New York City launched a new teen pregnancy prevention campaign this week—and it includes a bizarre choose-your-own-adventure mobile game that scolds girls for getting pregnant by calling them "fat."

The NYC Human Rights Administration's new campaign, featured at bus stops and subway stations across town, pulls out all the stops in delivering "real talk" to New York teens: crying, surly looking babies admonish future parents that in all likelihood, their children will have deadbeat dads, they will be more likely to end up living in poverty, and they'll be paying thousands of dollars in extra expenses for the next two decades of their life.

Gilmore Girls this ain't.

The New York Daily News called it a "shame campaign," while the Village Voice noted that it was likely to "scare the living daylights" out of its intended audience—which, perhaps, was the point.

But fewer people are talking about the bizarre shame aspect of the ad campaign's mobile side, as demonstrated by Miriam Pérez at Reproductive Health Reality Check. When Pérez followed instructions and texted “NOTNOW” to 877877, she embarked on a strange "game" that allowed her to run through a scenario that shamed her female character, "Anaya."

As Pérez played the game, she stated that "it only got worse, with more scenarios about Anaya being ignored by her ‘baby daddy’ and shunned by her parents."

None of the texts included any actual information for teens trying not to get pregnant—they just used an invented scenario to drive home the idea that teen pregnancy results in social isolation and losing your boyfriend.

Unless you can score "3rd" or higher, each scenario ends with Anaya and her boyfriend Louis breaking up, and Anaya ending up a single, unwed mom on her own. At one point during the game, you have the options of either screaming at your parents (because they're mad at you for getting pregnant), or going to your room to cry.

The game also rewards you for choosing to stay home instead of dragging your "huge" self out to the prom with Louis, and allows you to "win" the game only when you've thrown up  all over all your old friends, broken up with your boyfriend, and focused on getting a college degree by yourself.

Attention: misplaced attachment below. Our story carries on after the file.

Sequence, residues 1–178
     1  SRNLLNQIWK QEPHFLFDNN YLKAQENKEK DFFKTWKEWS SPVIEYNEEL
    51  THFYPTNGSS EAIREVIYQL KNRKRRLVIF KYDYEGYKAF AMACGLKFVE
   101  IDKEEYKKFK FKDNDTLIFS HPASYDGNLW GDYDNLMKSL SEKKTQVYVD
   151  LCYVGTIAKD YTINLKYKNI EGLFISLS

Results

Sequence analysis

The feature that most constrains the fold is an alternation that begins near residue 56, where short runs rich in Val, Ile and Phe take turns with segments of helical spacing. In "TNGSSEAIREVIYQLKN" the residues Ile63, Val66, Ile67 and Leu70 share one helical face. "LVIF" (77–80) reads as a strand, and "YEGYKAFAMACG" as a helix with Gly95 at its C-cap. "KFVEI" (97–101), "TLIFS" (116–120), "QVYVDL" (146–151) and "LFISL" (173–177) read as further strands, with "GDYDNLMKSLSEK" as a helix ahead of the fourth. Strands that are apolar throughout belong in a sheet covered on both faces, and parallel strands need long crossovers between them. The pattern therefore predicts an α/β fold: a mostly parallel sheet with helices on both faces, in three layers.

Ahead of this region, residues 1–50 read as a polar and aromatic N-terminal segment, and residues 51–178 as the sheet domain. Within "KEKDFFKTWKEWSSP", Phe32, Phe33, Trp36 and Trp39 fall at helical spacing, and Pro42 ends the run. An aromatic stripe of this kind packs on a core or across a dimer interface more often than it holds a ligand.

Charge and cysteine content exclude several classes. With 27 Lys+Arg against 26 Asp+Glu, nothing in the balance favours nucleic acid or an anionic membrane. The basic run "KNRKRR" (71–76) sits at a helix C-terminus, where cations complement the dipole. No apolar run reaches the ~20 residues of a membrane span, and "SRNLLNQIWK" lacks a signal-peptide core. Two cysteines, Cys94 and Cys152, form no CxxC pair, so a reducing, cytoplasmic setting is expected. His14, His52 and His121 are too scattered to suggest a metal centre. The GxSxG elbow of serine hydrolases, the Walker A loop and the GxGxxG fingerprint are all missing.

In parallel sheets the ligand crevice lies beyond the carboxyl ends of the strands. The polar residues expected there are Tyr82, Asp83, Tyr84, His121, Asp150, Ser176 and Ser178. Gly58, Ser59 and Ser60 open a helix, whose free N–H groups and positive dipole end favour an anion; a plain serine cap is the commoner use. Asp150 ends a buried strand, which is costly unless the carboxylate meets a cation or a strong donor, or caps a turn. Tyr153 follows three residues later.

At no point in the scenario is "Anaya" given the option of having an abortion, nor is she ever able to discuss her options with the elusive Louis, who avoids her, then dumps her when she doesn't go to prom with him.

"The messages sent by these ads and the ridiculous SMS game make it seem like the HRA is fine with the status quo of shame and isolation for teen parents," writes Pérez.

"A pregnant teen gets called a ‘fat loser’? ‘Well, she shouldn’t have [gotten] pregnant!; the campaign seems to say. What kind of message does this send about bullying?"

The March campaign is by no means the first such teen pregnancy prevention campaign directed at shaming teens. The brand-new Tumblr Shaming Teen Pregnancy collects ads and images from campaigns past and current showing the many ways that teens have been the brunt of fear-mongering and shaming disguised as "real talk" about the brutal realities of teen pregnancy. Some of the ads are transphobic, while others utilize flagrant slut-shaming.

 

The NYC campaign also seems to equate "staying together" with "getting married," which is an odd correlation given the millions of U.S. residents who form long partnerships without ever tying the knot.

The choices the game gives Louis are all about whether to "stay" or "dump" his girlfriend, insisting that he "needs his own chill time" and encouraging him to go "shoot hoops" with his male friends. It's interesting that while Anaya's friends in this scenario are actively body-shaming her, Louis' friends are just hanging out while he's allowed to feel that Anaya is tying him down. If he can resist the temptations of parties and basketball, Louis gets to go to doctor appointments and pay child support while failing Math classes and struggling to find a job.

Wow. With incentives like that, I'd skive off and play basketball, too.

Photo via NYC Human Rights Administration